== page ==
4.Crankset. Any advantages disadvantages of a 2 vs. 3 front set up. I am a very new rider so I have no personal preference.


    Brakes
    Thinking about something in the Avid BB line.

    Thanks for any guidance
    Mountain biking is like fishing, golf, and sex...you don't have to be good at it to have a great time.

  2. #2
    Ride the dream
    Reputation: EnglishT's Avatar
    Join Date
    Apr 2008
    Posts
    1,381
    To your questions...

    Firstly, yes, that frame should be fine.

    As for the numbered ones:

    1) Yes, Standard BB is what you're looking at - the deore hollowtech external is absolutely fine and won't cost too much.

    2) Long cage vs Short cage is simple enough - if you're rolling a 3x10 you'll want a longcage. A 1x10 you'd be fine with short or medium - personally, I'd say 1x10 is fine for most people (11-36 cassette with a 32 tooth ring will climb most things just fine)

    3) 135mm is the standard rear spacing for mountain bikes (with some downhillers being 150). A hub that will take an 8 or 9 speed cassette will equally take a 10 or 11 - unless its specified otherwise, you'll almost certainly be fine.

    4) Personally, I prefer 1*x. The front mech is a part I find irritating and unless you're climbing something VERY steep (in which case you might want a granny ring) or really powering along on roads, the chances are you'd be fine with it -
    I'm still rolling 1x9 (32 tooth front, 11-34 cass) and find very little I can't clear on that - with an extra 2 teeth on the cassette (10 speeds often go 11-36) you'd have an extra low gear (or if you go for a 34 tooth chainring, an extra high gear).
    You'll probably want a jumpstop (a chaindevice would probably be overkill for you) which won't cost an awful lot, certainly less than a front mech and shifter would cost.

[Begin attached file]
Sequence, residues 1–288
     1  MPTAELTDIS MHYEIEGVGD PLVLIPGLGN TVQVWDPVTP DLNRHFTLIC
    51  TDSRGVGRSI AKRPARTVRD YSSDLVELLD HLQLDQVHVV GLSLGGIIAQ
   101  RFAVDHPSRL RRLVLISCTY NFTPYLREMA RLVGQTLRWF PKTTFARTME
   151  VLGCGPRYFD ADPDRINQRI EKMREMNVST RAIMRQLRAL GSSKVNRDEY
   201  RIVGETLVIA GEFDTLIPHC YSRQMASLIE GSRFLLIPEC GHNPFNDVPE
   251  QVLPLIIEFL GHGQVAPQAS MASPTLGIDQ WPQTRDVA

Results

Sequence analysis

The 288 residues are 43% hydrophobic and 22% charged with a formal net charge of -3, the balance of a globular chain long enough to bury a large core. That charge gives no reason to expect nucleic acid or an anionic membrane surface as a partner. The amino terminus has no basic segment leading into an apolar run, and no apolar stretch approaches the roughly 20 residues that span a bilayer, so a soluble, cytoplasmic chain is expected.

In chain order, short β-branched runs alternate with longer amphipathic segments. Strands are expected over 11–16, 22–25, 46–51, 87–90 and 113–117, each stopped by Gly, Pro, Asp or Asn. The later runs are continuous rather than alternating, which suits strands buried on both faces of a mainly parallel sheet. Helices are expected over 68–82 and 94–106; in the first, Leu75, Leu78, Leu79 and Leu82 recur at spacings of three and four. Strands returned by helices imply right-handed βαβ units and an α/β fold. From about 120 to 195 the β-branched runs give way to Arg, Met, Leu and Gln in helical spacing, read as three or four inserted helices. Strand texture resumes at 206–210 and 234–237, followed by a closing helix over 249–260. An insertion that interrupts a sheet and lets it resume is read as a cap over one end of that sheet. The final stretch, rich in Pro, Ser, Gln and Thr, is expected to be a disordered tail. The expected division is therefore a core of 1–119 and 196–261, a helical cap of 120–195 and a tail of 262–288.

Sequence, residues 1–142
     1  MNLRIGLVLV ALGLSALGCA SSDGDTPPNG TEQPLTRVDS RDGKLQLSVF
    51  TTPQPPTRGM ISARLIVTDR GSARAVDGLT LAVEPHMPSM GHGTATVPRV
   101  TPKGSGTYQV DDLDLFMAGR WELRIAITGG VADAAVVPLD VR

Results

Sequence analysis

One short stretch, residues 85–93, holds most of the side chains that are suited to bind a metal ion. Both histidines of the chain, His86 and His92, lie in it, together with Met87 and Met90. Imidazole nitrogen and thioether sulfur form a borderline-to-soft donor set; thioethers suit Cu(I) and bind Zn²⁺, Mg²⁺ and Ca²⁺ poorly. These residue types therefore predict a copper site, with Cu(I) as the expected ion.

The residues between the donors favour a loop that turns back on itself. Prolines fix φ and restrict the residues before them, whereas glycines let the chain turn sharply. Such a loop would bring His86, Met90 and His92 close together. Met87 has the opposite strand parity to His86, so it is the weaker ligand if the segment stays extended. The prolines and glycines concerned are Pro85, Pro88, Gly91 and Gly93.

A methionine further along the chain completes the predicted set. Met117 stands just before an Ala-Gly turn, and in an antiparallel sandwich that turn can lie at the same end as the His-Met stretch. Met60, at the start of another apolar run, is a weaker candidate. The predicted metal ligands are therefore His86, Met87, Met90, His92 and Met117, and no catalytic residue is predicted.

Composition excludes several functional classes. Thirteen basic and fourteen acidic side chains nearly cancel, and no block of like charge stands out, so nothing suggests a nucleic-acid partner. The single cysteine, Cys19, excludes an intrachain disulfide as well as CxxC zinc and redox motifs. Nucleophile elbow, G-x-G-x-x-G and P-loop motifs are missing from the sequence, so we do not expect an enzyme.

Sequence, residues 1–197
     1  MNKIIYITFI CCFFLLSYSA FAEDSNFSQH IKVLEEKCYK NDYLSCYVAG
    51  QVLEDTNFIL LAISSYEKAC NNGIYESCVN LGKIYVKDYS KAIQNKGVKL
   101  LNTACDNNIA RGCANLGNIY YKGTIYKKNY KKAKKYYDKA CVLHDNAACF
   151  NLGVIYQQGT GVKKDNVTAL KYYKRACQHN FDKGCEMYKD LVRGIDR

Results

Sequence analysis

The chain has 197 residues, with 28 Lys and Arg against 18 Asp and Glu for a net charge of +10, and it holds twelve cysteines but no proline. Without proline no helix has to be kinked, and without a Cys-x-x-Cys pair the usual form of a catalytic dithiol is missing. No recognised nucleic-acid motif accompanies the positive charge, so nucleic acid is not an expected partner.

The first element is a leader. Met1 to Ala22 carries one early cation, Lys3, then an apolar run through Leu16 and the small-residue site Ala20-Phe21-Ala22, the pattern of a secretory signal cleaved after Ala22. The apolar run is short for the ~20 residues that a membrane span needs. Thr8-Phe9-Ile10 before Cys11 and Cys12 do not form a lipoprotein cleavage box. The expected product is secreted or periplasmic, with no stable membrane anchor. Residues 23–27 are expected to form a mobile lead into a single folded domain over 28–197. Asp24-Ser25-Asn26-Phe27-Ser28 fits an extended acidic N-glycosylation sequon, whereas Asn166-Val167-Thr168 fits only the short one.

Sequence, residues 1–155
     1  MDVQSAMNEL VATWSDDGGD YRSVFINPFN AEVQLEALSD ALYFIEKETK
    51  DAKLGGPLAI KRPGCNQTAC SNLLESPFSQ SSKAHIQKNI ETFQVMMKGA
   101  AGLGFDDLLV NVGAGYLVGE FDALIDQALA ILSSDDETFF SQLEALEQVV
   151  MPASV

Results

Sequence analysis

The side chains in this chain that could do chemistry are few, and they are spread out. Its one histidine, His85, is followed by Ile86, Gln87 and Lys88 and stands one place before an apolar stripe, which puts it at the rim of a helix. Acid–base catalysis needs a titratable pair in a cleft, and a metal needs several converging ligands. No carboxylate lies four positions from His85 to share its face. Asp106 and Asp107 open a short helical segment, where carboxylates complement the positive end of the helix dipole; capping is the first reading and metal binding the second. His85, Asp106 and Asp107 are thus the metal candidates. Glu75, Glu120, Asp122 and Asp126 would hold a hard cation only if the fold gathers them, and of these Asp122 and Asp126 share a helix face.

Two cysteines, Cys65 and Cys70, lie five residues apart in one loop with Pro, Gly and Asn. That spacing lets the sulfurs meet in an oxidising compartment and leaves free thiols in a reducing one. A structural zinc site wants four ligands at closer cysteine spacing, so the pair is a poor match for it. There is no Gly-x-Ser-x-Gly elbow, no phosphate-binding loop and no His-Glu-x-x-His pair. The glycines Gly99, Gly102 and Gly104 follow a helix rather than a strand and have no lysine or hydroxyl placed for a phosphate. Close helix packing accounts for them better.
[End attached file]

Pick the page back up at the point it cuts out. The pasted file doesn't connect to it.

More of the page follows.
As far as brakes go - hydraulics generally feel nicer and will self-adjust as pads wear. Mechanicals require less special tools to work on (ie: no bleed kits) and will need trimming as pads wear (or cables stretch) but are still considerably better than rimbrakes.
    I have a set of hayes mx4's sat in the spare parts bin as an emergency brakeset (ie: if I need a pair fast and dont have time to bleed before a ride - they don't feel as nice as any of my hydro's, but they're reliable.
    Mechanical brakes are much of the same - bb7's have an avid following (pun intended), but there's nothing wrong with a bb5, a hayes mx1 or mx4 or a tektro unit.

  3. #3
    mtbr member
    Reputation: kope007's Avatar
    Join Date
    Mar 2013
    Posts
    35
    Thanks for the response.

    Hadn't given much thought to a 1x. Pretty flat here in Florida. I know I wouldn't miss the big ring, but worry about losing the granny. I'm in the middle ring now 98% on trails but I use granny on a hill or two at the trail I most frequent. But probably more because of a lack of fitness than because of the hill itself.

    Could I get something like this Race Face Ride Crankset Oe 2010 > Components > Drivetrain > Cranksets | Jenson USA Online Bike Shop 22-32 and run it with out a front der on the 32 ring? Then if I decide down the line I want the small ring I could get a derailleur.